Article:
And I see why some guys -do- get mad about it.  They have every right to get mad about it.  Male circumcision should be treated as being of the same barbaric nature as female circumcision.  [Ed: I'm taking as a given the barbarism of female circumcision.  I actually think the issue receives too much attention, considering it's primarily practiced in countries where selling twelve year old girls to forty year old men is also normal, something I think is significantly worse than mutilation on the simple grounds that, as torture, it lasts a hell of a lot longer, but that's another topic altogether.]  A lot of attention is paid to these; less attention is paid to things like piercing ears.

I think these things need some attention too.  I guess I should write a broader post soon.

Incidentally, my parents' reasoning was this: My mother knew somebody who was -deeply- bothered by the difference between him and his father, who wasn't circumcised.  She didn't want me to have to deal with this... dysmorphia.  As reasoning goes, it's perhaps the only one I've encountered which approaches making sense.

But it only approaches making sense, because you can get circumcised later.  It's a dysmorphia which, if encountered, I could have chosen to do something about; I could have simply been informed that it's an optional procedure some guys choose to do, and that it was left up to me to decide for myself.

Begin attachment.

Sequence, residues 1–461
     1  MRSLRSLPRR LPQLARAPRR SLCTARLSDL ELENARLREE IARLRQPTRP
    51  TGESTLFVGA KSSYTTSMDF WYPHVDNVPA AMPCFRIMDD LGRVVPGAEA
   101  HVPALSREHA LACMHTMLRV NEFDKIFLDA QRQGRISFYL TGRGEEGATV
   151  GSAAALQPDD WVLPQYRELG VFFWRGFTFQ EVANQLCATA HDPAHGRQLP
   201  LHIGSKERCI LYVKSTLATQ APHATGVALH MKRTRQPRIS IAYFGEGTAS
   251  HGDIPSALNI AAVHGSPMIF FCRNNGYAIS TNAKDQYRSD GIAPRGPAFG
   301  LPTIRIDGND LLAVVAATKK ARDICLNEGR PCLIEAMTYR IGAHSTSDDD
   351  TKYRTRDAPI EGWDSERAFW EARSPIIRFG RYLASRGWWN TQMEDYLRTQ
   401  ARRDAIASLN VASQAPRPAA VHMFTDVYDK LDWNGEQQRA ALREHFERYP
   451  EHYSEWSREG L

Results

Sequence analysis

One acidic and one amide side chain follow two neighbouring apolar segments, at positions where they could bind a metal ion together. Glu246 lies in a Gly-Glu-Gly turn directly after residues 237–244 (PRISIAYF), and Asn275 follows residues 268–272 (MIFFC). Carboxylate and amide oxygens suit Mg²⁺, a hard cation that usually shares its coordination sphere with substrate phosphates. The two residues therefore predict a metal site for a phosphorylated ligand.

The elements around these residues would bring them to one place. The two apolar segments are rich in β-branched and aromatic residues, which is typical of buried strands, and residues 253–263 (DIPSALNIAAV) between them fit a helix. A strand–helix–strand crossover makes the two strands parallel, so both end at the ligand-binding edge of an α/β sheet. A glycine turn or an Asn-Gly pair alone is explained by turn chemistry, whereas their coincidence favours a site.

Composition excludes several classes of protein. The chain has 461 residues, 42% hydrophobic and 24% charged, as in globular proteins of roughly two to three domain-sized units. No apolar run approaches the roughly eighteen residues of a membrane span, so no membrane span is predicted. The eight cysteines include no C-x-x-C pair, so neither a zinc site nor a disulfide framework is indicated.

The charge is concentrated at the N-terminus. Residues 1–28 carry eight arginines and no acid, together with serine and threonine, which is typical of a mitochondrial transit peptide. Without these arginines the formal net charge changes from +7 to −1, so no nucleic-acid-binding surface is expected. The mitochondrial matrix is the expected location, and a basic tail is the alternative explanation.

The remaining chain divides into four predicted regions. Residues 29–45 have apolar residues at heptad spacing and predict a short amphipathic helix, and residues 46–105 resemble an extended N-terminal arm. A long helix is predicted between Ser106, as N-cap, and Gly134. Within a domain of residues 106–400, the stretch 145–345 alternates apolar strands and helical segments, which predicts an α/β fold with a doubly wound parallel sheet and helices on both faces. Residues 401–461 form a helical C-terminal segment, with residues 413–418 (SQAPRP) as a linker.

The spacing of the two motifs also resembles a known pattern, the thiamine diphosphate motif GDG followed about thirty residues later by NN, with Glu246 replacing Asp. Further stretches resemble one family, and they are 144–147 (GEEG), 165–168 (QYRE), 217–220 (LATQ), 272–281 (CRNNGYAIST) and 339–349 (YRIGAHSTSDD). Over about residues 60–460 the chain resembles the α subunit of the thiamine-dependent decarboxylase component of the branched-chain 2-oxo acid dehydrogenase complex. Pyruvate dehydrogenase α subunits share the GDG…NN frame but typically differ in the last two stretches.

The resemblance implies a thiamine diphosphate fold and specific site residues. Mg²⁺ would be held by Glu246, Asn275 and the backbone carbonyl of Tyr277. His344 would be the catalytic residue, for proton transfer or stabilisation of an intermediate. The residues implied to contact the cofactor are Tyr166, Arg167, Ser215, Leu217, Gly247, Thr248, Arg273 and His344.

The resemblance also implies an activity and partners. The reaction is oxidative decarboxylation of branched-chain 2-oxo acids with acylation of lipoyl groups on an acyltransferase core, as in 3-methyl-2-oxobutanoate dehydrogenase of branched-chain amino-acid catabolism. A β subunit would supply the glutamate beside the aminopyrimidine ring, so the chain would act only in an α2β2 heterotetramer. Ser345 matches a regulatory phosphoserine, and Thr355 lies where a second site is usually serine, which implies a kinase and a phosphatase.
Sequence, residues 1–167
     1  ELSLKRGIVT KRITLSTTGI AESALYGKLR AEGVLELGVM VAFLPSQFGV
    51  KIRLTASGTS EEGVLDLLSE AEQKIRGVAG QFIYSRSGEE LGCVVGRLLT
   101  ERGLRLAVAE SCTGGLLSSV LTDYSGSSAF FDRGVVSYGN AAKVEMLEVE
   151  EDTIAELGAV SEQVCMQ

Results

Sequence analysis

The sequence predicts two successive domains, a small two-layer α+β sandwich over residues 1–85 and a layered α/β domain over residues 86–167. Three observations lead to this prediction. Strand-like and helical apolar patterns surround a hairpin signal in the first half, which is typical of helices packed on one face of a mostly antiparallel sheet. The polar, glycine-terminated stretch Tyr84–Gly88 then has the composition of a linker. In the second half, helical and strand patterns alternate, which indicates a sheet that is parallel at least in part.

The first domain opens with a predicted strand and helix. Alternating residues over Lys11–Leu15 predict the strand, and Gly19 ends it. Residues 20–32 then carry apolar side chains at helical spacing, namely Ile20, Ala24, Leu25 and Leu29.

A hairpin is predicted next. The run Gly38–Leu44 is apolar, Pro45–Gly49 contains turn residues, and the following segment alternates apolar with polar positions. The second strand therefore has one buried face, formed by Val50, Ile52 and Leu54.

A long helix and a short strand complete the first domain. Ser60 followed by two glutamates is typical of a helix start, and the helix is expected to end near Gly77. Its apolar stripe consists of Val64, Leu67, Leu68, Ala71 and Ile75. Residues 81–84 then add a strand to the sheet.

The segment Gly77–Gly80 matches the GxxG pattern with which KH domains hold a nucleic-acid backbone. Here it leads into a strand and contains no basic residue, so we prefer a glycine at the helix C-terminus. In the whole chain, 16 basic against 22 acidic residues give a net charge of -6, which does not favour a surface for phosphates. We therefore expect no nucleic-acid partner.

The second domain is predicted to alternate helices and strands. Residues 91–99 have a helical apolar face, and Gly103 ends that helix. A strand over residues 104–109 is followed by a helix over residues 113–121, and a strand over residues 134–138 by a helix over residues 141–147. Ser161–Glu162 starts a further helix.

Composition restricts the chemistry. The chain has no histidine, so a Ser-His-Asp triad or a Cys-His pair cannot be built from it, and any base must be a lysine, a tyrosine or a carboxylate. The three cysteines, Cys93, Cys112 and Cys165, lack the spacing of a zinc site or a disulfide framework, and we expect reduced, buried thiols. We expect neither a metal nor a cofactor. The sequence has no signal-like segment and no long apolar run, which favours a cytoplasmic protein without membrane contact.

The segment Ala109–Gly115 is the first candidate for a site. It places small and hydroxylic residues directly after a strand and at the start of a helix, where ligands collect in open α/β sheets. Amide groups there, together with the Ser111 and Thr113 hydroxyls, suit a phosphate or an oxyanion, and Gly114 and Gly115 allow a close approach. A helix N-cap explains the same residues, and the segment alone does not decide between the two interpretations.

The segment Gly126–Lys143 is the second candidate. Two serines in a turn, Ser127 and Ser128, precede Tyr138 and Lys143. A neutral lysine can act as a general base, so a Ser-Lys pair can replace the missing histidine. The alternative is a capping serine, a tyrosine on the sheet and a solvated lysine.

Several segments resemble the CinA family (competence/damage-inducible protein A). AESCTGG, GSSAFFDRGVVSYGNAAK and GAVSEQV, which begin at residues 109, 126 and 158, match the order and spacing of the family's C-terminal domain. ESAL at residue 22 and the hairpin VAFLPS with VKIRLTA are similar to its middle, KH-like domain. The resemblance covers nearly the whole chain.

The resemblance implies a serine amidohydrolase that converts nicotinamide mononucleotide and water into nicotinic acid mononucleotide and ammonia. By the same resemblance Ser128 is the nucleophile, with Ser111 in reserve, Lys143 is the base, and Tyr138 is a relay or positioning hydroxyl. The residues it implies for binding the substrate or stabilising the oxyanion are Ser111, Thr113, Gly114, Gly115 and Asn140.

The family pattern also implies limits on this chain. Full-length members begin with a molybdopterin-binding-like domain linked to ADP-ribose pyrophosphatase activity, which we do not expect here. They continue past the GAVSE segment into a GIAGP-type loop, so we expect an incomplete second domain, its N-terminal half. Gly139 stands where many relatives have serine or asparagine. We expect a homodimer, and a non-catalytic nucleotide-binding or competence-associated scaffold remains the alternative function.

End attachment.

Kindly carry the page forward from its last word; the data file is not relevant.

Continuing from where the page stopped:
Arguing over which is medically better is irrelevant.  Arguing about dysmorphia is irrelevant.  None of these things matter, because the choice is -always- available.  It's just not reversible.

Infant circumcision is nothing short of sexual assault.  It should be treated as such.

Monday, November 1, 2010

I bought MSG...

...which was actually harder than you'd think.  Apparently my local Wal-Mart doesn't stock it.  Asked someone about it, apparently they're moving towards "No MSG" goods.  At least they haven't started stocking organic crap.  I don't want manure-covered fruit sitting next to my nice healthy irradiated apple.  (No, that's not sarcasm.  My love affair with irradiated foods will take another post.)